What is bankruptcy?
Bankruptcy laws in the United States are designed to help give people relief when they become overwhelmed by debts they can no longer pay, either by liquidating (i.e., selling off) assets to pay outstanding debts or structuring payment plans with creditors. Filing for bankruptcy is a legal proceeding overseen by federal courts.
What are the different types of bankruptcy filings?
The two most common types of bankruptcy filings are Chapter 7 and Chapter 13, named for the corresponding chapters of the law.
Chapter 7 bankruptcy is designed to offer filers a fresh start by eliminating their debt. The court will appoint a trustee to sell your assets, with certain exemptions. The sales proceeds are then used to pay off your debts. Any amount owed after the asset sale and payoff is discharged.
Chapter 13 filings don't require you to sell your assets. Instead, the goal of a Chapter 13 bankruptcy is to structure a payment plan over a period of three to five years with each of your creditors. Once you meet your obligations under the payment plan, your remaining debts are discharged.
Can anyone file for bankruptcy?
No. In order to file for bankruptcy, you need to demonstrate through filings and documentation that you don't have the means to repay your debts. There are statutory income thresholds for filing under Chapter 7, and debt limitations for filing under Chapter 13. If you meet the requirements to file, you will also have to go through an approved bankruptcy counseling course.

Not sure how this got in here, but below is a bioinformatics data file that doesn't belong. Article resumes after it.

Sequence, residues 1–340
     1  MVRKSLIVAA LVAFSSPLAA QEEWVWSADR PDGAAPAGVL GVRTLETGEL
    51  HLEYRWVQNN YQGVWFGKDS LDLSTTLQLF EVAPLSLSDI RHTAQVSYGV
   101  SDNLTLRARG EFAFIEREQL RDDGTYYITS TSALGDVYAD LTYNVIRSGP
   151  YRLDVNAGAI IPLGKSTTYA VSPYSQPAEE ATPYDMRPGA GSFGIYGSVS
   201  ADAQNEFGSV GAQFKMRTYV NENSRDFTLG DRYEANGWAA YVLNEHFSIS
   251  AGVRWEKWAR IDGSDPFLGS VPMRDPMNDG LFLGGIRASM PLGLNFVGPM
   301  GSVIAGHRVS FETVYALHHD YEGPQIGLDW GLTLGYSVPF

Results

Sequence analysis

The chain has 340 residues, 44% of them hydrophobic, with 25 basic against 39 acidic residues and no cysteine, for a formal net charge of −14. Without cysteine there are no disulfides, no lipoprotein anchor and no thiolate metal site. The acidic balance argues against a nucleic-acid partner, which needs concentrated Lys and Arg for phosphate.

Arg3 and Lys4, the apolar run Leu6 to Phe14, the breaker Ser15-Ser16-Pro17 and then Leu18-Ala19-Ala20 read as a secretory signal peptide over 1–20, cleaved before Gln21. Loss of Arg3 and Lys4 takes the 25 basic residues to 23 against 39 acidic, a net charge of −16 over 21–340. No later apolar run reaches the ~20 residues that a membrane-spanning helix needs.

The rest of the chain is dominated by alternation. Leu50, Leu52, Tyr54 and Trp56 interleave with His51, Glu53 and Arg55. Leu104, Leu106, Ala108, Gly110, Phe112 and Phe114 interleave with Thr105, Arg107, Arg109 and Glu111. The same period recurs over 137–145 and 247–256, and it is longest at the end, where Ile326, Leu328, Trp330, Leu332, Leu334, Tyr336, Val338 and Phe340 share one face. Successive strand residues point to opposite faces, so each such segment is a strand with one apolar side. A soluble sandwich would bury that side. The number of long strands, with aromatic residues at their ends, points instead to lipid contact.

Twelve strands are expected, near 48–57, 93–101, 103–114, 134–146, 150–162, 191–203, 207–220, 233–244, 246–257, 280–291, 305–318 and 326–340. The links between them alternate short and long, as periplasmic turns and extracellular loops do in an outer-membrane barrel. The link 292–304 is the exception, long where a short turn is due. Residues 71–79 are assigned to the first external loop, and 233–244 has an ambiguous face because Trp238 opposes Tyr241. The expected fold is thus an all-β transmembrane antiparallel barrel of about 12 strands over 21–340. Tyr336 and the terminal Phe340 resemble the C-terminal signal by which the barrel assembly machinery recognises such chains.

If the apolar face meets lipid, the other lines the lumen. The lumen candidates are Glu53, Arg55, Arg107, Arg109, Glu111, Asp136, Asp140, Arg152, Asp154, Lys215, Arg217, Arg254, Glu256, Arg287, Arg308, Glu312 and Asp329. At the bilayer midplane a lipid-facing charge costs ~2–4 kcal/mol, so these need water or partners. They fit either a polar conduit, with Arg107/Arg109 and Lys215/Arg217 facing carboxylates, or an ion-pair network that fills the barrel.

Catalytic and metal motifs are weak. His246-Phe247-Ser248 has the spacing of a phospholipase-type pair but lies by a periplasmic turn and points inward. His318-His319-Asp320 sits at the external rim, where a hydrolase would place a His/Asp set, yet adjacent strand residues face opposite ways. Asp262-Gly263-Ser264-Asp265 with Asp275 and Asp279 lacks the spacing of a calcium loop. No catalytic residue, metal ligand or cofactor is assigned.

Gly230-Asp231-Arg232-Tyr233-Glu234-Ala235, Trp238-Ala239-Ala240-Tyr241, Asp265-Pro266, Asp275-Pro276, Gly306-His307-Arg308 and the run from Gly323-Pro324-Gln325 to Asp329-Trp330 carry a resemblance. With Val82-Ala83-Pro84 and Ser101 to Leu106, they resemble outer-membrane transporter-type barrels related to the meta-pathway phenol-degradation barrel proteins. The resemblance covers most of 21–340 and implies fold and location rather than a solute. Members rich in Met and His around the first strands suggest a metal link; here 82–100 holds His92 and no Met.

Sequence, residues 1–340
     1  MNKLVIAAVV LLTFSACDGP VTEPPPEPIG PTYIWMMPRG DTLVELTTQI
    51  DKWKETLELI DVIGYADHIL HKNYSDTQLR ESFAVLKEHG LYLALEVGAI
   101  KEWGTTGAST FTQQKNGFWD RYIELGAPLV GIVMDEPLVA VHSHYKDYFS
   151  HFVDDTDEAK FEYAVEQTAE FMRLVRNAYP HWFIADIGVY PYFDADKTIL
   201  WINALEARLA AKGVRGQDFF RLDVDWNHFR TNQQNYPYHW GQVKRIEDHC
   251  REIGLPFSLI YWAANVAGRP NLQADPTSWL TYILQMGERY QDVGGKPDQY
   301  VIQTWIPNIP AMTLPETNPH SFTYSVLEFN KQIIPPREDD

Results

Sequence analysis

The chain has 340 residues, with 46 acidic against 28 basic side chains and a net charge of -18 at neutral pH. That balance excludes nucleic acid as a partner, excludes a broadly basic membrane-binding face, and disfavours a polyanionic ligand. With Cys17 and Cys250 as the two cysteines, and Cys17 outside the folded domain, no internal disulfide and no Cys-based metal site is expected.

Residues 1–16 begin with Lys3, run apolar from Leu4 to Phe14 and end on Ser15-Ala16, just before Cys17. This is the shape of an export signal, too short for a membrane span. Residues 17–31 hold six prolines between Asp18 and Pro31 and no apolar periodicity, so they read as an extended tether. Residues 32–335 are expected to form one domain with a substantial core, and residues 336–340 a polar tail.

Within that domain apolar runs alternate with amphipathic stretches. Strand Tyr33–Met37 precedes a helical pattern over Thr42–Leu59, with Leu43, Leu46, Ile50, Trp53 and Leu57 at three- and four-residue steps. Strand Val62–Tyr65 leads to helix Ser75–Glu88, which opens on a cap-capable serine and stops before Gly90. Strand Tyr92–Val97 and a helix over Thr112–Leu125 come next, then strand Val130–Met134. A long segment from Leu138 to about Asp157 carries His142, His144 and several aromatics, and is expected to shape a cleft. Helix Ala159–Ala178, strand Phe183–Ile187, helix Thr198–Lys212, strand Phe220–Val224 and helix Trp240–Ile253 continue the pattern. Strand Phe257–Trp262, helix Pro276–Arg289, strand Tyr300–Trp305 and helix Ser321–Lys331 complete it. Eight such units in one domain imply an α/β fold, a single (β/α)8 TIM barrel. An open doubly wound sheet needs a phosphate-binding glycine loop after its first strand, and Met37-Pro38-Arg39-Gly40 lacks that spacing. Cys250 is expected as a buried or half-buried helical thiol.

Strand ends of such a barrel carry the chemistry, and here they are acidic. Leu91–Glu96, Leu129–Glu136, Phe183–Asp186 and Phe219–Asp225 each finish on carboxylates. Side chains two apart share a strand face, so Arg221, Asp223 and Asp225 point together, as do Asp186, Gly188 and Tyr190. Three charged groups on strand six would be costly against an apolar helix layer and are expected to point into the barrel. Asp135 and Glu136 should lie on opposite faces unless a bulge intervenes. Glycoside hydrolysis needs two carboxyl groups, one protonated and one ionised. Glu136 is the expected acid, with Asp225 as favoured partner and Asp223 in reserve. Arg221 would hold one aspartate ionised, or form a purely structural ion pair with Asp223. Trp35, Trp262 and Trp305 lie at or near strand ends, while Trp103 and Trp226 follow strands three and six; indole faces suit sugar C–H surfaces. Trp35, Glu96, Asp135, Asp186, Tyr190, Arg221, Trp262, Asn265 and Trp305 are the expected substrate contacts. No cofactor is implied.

You must wait eight years after a prior Chapter 7 bankruptcy discharge in order to file again. Similarly, there is a two-year waiting period after the date of a Chapter 13 discharge in order to file for a second time.
What is bankruptcy counseling?
Federal bankruptcy laws mandate bankruptcy education for anyone who wants to file for bankruptcy 180 days before filing. The education/counseling component is designed to ensure that those filing bankruptcy petitions fully understand the process and alternatives to filing, and create a budget.
What happens when you file for bankruptcy?